6. The important configural relationships appear to be independent across the width and height dimensions.
  7. Face-shape appears to be encoded in a slightly caricatured manner.
  8. Prolonged face viewing can lead to high level aftereffects, which suggest prototype-based encoding.
  9. Pigmentation cues are at least as important as shape cues.
  10. Color cues play a significant role, especially when shape cues are degraded.
  11. Contrast polarity inversion dramatically impairs recognition performance, possibly due to compromised ability to use pigmentation cues.
  12. Illumination changes influence generalization.
  13. View-generalization appears to be mediated by temporal association.
  14. Motion of faces appears to facilitate subsequent recognition.
  15. The visual system starts with a rudimentary preference for face-like patterns.
  16. The visual system progresses from a piecemeal to a holistic strategy over the first several years of life.
  17. The human visual system appears to devote specialized neural resources for face perception.
  18. Latency of responses to faces in inferotemporal (IT) cortex is about 120 ms, suggesting a largely feed forward computation.
  19. Facial identity and expression might be processed by separate systems.

The results open many questions about the processes involved in human face recognition and how they may be mimicked by a computer system.]

Michael Kraus, "Face the facts: facial recognition technology's troubled past--and troubling future," The Free Library, 2002. [Talks about some of the problems the technology has encountered in its applications]

Ryan Johnson, Kevin Bonsor, "How Facial Recognition Systems Work," How Stuff Works, 2007. [A good primer on facial recognition technology and springboard for other areas.]

Andrew Colley, "SmartGate not pulling its weight," ZDNet Australia, February 11, 2004. [Coverage of SmartGate usage in Australia.]

John D. Woodward, Jr., Christopher Horn, Julius Gatune, Aryn Thomas, Biometrics, A Look at Facial Recognition, RAND, 2003.

[Facial recognition is attractive for law enforcement because it can be used in conjunction with cameras. This makes it covert and non intrusive, opposed to other biometrics such as finger prints, retina scans, and iris scans. This is especially important in conjunction with the law because faces are considered public. Face recognition can also use preexisting photo databases from mugshots or driver’s licenses. Because of difficulties face recognition has with respect to lighting, angle, and other factors, it is advantageous to attempt to get as high quality images as possible. Several “facetraps” are proposed, such as placing cameras facing doorways, at airport check-ins, or near objects people are likely to stare at. These traps would aid face recognition software by helping to capture a frontal image which is important to the software. Face recognition must be improved further before it becomes a useful tool for law enforcement. It remains to be seen what the right balance is, legally speaking, between maximizing public safety and respecting individual rights.]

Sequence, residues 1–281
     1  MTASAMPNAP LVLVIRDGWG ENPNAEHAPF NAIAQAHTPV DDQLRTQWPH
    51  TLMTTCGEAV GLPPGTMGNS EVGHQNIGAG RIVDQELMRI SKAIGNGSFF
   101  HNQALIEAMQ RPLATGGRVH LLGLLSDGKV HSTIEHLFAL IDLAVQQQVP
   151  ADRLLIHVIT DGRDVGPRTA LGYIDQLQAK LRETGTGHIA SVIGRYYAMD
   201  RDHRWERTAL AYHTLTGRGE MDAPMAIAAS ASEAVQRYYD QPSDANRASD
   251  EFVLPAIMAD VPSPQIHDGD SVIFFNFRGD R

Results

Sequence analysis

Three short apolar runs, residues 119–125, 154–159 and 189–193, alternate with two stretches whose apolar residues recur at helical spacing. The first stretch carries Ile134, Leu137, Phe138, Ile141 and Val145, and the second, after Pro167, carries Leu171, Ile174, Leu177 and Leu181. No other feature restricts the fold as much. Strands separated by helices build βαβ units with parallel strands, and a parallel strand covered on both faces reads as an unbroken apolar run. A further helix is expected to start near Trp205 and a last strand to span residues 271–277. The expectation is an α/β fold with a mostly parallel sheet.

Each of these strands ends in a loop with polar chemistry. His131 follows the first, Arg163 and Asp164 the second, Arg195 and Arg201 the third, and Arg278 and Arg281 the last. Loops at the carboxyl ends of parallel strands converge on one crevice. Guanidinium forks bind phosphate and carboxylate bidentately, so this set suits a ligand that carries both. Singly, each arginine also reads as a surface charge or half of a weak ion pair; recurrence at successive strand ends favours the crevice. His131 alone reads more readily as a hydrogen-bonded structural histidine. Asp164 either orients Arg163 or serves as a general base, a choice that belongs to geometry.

Mark Williams, "Better Face-Recognition Software," Technology Review, May 30, 2007.[Talks about recent enhancements in technology using 3D face recognition and surface texture analysis, really encouraging results.]

Trina D. Russ, Mark W. Koch, Charles Q. Little, "3D Facial Recognition: A Quantitative Analysis," 38th Annual 2004 International Carnahan Conference on Security Technology, 2004.

[ The work presented is a quantitative analysis of 3d facial recognition. Issues with 2d facial recognition are discussed. 2d facial recognition require frontal face views and test have shown significant drops in performance when faces are rotated, large databases are used, or images from different distances are compared. Some complicated issues with 3d face recognition is mentioned. 3d systems need to be robust to changes in expression, hairstyle, and presence of glasses. An algorithm is presented which is robust to these factors. The results showed impressive performance of the system. Future work will involve improving the alignment of images, which should improve computational performance and accuracy. Further tests will involve larger database and images with noise and rotation variation.]